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Australia’s anti-encryption law under fire

When Australia has passed the anti-encryption law, things couldn’t
be more worse for tech companies that sell products that warrant
one’s privacy. Apple and other technology companies have already
signalled opposition to the doubtful law. What will come next?

A group of United States tech companies, including Apple, Google, and Microsoft, collectively voiced opposition to the law passed last week. In a very clear statement, the companies called the anti-encryption law in Australia “deeply flawed” and also fear it will undermine the privacy of users:

“The new Australian law is deeply flawed, overly broad, and lacking in adequate independent oversight over the new authorities and undermine the cybersecurity, human rights, or the right to privacy of our users.”

Usually such things should not be released on the people who never would interfere with the law.

Apple stated:

Tools that are designed to weaken encryption are huge risk to our digital security and it is wrong to weaken security for millions of law-abiding customers in order to investigate the very few who post a threat!

With these words spoken it is clear that companies see nothing good in the new law as long as millions of users have to forego their right to have privacy on digital media while there are only a handful of individuals that really can be considered a threat doe to what they release online.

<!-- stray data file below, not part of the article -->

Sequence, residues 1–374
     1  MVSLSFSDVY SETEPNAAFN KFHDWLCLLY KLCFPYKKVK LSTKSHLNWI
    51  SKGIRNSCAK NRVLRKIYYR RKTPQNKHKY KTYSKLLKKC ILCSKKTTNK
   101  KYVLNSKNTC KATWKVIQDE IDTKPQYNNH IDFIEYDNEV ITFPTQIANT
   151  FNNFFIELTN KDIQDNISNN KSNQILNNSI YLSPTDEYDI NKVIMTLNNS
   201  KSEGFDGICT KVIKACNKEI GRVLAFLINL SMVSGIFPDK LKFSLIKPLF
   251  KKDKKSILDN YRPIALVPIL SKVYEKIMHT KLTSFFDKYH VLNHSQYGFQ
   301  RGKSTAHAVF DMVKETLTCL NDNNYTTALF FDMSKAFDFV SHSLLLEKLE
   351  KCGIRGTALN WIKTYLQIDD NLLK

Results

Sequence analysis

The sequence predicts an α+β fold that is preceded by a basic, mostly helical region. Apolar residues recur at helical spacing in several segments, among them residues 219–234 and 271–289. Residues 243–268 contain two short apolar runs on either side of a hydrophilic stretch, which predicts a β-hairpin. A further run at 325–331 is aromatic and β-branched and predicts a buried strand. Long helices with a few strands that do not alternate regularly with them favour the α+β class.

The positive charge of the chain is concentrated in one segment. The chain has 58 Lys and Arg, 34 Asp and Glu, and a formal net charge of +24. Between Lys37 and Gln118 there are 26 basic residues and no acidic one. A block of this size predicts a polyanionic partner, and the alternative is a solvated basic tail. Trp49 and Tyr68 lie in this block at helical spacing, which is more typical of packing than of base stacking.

The law clearly states that select government agencies can ask tech companies for three different levels of assistance in accessing encrypted messages:

  1. technical assistance request
  2. technical assistance notice
  3. technical capability notice

Companies who refuse to cooperate with such requests could face financial penalties.

On August there was a statement from australian authorities that failure to comply would leave the company liable to fines of up to A$10 million (7.3 million US$) and potential jail time.

That alone is a sever threat to the right for digital privacy in it’s own! If authorities can go that far to speak out penalties in a double-digit million size AND possible imprisonment for employees of the law-violating companies, that is mildly said “bending the law” in general.

Things like that should not be possible even in modern times.

And frankly said: Most criminals might have found other ways to communicate in privacy without the usage of common services. So we think that the law that has been passed last week is just another step to total surveillance of the common citizen. And that is unacceptable!

December 12, 2018 Netspark - 1594 posts - Member since: May 9th, 2011 No Comments »

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